The crowd enveloping Barack Obama when he accepts the Democratic nomination for president at Invesco Field at Mile High will be asked to get to work for the privilege of witnessing the historic event live.
In a half-hour interview Wednesday with The Denver Post, Obama's deputy campaign manager, Steve Hildebrand, said he wants to use the ticketing process as a massive recruitment tool meant to bring in supporters from all 50 states and energize them to carry the campaign into the final 60 days of the general election.
"We're going to ask those 80,000 people in that stadium to march out of there and go with very specific instructions and goals to register millions of new voters," Hildebrand said.
The campaign announced July 7 hat it would hold the final night of the Aug. 25-28 convention at Invesco Field and open Obama's acceptance speech to thousands of spectators. Official details of the so-called "community credential" process are expected early next week, the campaign said.
By seating the 6,000 delegates down on the field normally defended by the Denver Broncos, and by keeping the number of journalists, technicians and VIPs at the same level as those attending the Pepsi Center events earlier in the week, the campaign could bring in more than 60,000 members of the public, Hildebrand said.
As a battleground state hosting the convention, Colorado will have access to the largest percentage of public tickets, but Hildebrand wants to draw significant support from neighboring states, such as the other Intermountain West battleground states of New Mexico and Nevada.
Also, Kansas, though not a battleground state, remains important to the campaign, as Obama's grandparents lived there and he visited the state often as a child.
The campaign also holds a "special fondness" for Kansas Gov. Kathleen Sebelius, a Democrat in the Republican stronghold who came out early for Obama and who is a convention co-chairwoman. Sebelius is rumored to be under consideration as a vice- presidential running mate.
The Democratic National Convention Committee will work with the campaign and with state party officials to distribute the community credentials. Formulas for the states and longtime supporters and a small percentage of overflow, or standby, credentials are being worked out.
Hildebrand said that to ensure that the campaign fills the stadium, the application process becomes in and of itself a recruiting tool.
"Every single person is going to be a level of seriousness," Hildebrand said. "You know, 'Tell us how you're going to get there from Maine. Tell us how you're going to get there from Florida. Give us a sense of whether or not you're really serious about this. If you're not, we're going to provide someone else with this.' "
Those who want a seat will begin the process at their local Democratic Party office. While demonstrating their ability to attend, they also will be encouraged to sign on to the campaign as volunteers.
"They fill out a form; there's a conversation," Hildebrand said. "We ask them and encourage them to register voters and to get out the vote and those activities that are important to us. It's not a requirement, but it's going to be an encouragement."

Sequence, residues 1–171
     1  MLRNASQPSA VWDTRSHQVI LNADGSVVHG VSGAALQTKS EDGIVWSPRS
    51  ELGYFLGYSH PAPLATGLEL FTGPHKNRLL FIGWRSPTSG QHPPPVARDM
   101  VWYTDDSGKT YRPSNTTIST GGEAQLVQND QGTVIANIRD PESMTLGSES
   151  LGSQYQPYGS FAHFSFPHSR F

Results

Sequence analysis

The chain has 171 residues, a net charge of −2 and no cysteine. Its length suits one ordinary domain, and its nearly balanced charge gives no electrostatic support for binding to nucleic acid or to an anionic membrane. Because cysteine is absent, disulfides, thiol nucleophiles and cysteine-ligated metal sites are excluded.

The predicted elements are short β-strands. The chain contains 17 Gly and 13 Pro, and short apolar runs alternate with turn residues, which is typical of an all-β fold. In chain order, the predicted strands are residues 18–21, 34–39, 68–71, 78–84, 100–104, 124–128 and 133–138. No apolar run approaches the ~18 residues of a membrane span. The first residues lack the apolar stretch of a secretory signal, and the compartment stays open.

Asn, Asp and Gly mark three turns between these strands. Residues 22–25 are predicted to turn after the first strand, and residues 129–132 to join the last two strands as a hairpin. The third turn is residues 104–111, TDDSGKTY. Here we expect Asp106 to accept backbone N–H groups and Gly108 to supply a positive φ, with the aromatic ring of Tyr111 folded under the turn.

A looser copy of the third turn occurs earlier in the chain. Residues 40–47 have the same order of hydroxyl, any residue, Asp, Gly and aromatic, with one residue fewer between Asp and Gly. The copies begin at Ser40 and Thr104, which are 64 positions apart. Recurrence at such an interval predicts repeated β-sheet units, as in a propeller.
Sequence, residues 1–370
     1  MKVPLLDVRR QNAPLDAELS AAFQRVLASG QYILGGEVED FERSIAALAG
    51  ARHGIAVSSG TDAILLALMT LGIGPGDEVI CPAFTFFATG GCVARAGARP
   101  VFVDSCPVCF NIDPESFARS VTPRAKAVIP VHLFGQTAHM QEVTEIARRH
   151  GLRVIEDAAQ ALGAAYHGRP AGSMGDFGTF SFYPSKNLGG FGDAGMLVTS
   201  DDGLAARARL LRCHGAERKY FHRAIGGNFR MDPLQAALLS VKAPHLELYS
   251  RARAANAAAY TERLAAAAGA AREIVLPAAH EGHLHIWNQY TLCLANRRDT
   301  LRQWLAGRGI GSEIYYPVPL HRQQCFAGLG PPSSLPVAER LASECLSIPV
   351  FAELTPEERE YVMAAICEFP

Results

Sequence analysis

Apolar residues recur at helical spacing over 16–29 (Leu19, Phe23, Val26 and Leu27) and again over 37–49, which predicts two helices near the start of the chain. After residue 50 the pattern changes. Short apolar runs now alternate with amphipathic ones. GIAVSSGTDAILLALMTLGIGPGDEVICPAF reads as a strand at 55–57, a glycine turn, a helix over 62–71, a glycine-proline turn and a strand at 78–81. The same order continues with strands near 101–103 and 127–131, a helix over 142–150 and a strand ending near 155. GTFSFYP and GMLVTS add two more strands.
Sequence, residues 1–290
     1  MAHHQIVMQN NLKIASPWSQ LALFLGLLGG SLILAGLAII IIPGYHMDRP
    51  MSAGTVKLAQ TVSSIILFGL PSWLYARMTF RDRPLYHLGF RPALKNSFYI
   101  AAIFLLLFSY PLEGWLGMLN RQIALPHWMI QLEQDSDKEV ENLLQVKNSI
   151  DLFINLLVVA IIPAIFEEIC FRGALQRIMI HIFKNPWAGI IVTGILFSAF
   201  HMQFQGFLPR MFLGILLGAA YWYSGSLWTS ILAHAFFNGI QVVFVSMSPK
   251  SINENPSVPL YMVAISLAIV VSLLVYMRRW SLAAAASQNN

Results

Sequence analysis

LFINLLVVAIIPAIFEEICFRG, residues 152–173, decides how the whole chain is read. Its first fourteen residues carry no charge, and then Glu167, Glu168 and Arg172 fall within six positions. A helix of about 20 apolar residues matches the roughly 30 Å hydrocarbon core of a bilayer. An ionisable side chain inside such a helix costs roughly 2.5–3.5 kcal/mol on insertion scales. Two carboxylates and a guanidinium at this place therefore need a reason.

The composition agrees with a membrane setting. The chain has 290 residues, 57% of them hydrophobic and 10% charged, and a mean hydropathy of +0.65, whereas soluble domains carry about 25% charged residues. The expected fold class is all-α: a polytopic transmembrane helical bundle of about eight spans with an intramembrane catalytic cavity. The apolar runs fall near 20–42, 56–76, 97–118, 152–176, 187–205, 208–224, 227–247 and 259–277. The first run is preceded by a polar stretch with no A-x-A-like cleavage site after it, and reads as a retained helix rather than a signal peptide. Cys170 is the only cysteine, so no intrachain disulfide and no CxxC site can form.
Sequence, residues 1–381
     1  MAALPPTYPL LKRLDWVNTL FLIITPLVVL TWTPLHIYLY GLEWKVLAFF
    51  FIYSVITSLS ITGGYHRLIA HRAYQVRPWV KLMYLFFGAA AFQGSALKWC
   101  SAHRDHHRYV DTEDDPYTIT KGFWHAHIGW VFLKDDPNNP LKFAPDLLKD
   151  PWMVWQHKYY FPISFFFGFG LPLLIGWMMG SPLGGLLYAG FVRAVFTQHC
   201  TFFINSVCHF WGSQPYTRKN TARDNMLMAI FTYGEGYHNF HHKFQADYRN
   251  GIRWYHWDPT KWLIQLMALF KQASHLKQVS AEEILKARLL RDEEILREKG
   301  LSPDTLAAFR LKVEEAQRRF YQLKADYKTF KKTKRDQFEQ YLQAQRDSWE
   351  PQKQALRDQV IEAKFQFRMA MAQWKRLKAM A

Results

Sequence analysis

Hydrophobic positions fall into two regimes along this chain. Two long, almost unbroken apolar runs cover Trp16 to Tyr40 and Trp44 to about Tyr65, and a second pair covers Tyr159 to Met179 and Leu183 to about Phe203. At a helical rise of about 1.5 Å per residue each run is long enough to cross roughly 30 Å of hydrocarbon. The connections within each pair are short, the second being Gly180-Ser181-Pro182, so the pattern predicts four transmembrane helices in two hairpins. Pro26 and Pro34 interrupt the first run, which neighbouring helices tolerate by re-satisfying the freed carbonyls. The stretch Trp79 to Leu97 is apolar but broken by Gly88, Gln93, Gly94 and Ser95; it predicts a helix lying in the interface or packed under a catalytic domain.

Another use of the Aug. 28 speech meant to leverage public support is to use a technique popular with the campaign to hand out names and phone numbers during its events and ask participants to use their cellphones to make get-out-the-vote calls.
Though it is often said that the U.S. Secret Service jams calls during nominee speeches, Hildebrand said he didn't expect any problems, as the agency hasn't prevented the use of the mass-phone-bank approach in prior settings.
Using the event to go beyond the initial campaign photo opportunity makes sense but depends on its execution, said University of Colorado political-science chairman Ken Bickers.
"If they're calling from the stadium and it's late August, it might cause people to turn on their TV," Bickers said. "If on the other hand the marching orders are to get into your community and contact the people on your block — that does work."
Meanwhile, the majority of the Denver metro area's 42,000 hotel rooms are booked.
Richard Scharf, president of the Denver Metro Convention and Visitors Bureau, said a two-page list of hotels with vacancies may contain "hundreds up to a couple thousand" vacancies.
Hildebrand conceded that finding hotel rooms would be "up to each individual to figure out whether they can actually find something in the Denver area or will they be in Boulder or in Colorado Springs — or Kansas City. People may just have to be staying part of the way and driving home afterward or something."
Because Invesco sits alongside Interstate 25, many fear that the Secret Service will close the major thoroughfare that night.
Though Hildebrand acknowledges there are security plans that cannot be controlled, he stressed: "The last thing that we want to do is have this event create an interruption in people's daily lives. We want this to be nothing but a positive for Colorado, for Denver. We're running for president. We want the voters of Colorado to be pleased with Barack Obama, not upset because of an interstate closed down."
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